Since that night almost three years ago, the F-22 has been crucial to U.S. and coalition operations in the volatile country. The Raptor’s integrated avionics allow pilots to focus on making tactical decisions instead of trying to gather information, while its unique supercruise capability lends added flexibility, say pilots. And of course, the aircraft’s stealth abilities enable the Raptor to fly with impunity into the denied air space above western Syria, where the regime has robust integrated air-defense systems (IADS)—primarily Soviet surface-to-air missiles—that can potentially track and kill allied aircraft.


But that first night did not go smoothly. The mission was broken up into four strike packages assigned to four different target areas in the Middle Eastern country. Crash was one of four Raptor pilots designated to help take out targets in western Syria, where the IADS posed the biggest threat. He and his wingman were to sweep the area for surface and air threats, then take out an Islamic State group command-and-control facility; the other two-ship was to escort the F-15 Strike Eagles to and from their targets. The Raptors were loaded with both air-to-air and air-to-ground missiles.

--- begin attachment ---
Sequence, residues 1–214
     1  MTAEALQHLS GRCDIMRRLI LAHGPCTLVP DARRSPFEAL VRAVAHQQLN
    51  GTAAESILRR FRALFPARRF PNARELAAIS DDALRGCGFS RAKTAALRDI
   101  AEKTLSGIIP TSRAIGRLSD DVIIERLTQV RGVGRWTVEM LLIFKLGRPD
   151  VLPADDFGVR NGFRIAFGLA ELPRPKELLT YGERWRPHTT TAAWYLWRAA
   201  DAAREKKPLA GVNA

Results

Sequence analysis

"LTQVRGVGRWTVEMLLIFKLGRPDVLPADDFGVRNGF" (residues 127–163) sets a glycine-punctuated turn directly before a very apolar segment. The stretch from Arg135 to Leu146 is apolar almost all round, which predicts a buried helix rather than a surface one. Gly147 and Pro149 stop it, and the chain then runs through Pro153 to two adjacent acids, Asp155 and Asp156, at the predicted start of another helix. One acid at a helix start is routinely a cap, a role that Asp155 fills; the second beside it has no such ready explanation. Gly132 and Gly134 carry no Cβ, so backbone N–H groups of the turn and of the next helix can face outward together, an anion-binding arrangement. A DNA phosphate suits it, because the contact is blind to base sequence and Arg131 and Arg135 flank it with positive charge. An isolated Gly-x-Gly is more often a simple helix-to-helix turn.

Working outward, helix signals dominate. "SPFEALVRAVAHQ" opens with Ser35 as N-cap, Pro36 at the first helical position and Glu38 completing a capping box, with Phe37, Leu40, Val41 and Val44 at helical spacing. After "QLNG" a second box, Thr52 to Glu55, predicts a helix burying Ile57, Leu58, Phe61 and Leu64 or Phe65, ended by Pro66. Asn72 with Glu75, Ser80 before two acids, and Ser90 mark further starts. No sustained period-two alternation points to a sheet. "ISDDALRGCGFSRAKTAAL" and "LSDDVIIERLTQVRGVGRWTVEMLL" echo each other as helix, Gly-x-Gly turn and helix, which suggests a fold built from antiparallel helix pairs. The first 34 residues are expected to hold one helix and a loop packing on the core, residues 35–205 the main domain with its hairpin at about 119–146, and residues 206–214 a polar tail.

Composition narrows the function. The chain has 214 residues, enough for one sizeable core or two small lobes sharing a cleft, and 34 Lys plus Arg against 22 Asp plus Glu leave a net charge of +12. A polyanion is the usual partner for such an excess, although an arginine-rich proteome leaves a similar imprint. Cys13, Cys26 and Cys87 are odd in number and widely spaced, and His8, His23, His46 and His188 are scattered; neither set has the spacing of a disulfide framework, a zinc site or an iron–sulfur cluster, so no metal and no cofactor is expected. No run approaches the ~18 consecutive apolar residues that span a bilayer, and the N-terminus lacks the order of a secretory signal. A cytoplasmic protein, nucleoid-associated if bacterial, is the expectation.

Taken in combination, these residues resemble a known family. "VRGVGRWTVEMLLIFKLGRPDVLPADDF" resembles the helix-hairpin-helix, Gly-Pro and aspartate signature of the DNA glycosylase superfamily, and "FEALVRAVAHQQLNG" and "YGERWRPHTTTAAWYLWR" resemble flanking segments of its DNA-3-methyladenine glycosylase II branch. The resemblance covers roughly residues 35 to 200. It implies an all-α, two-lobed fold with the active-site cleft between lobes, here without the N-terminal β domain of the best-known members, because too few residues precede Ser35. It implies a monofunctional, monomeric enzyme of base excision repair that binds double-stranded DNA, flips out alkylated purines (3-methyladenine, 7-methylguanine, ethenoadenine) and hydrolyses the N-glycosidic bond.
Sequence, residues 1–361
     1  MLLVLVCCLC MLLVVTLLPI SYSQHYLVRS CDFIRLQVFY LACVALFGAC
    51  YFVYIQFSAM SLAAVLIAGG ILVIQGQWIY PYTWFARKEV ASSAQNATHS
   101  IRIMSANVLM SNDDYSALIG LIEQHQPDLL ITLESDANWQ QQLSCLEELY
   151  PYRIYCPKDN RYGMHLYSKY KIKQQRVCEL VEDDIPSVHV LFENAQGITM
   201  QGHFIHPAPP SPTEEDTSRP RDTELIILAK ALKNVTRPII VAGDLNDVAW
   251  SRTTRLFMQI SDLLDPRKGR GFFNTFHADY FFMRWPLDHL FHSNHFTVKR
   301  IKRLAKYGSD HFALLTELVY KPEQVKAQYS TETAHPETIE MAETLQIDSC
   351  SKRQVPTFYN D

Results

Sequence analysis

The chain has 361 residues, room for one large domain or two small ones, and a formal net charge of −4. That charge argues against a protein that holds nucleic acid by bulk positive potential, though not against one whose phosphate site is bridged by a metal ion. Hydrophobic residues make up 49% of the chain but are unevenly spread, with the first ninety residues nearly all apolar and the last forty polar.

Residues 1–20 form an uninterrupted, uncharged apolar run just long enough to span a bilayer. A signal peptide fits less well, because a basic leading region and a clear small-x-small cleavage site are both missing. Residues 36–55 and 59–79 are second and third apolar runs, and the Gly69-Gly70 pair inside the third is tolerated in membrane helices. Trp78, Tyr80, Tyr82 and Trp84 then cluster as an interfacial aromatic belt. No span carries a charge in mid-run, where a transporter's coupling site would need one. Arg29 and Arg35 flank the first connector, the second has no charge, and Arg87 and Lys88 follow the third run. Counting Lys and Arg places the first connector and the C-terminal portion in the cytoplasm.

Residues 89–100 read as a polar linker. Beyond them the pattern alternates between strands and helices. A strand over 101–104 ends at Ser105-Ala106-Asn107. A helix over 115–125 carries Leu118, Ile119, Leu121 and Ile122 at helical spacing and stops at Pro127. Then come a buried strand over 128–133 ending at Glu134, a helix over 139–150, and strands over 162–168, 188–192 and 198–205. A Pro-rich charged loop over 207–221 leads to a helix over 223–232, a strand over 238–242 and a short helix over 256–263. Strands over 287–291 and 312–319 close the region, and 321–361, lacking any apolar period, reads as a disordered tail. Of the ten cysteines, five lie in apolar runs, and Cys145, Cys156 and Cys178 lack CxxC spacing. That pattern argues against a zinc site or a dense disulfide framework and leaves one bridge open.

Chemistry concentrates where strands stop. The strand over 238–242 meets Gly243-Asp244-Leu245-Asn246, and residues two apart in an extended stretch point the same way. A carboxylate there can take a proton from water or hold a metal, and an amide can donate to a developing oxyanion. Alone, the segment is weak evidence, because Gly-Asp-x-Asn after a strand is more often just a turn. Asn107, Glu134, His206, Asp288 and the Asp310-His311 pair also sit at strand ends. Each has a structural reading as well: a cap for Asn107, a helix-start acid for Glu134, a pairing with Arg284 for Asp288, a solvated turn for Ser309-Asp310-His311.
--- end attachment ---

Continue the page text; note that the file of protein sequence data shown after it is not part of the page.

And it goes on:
From the start, things did not go according to plan. The first Strike Eagle slated to take off had an engine malfunction, shutting down the runway for 20 min. Trying to compensate, all the aircraft took off immediately, causing congestion above the airfield. The winds were stronger than expected, making it difficult for air traffic control to guide the F-22s up to altitude, so they were burning gas and flying slower at a lower altitude than planned.   

“All these things snowballed, so by the time we got into Iraq, approaching Baghdad, we realized there was no way we’d make our planned time on target,” says Crash.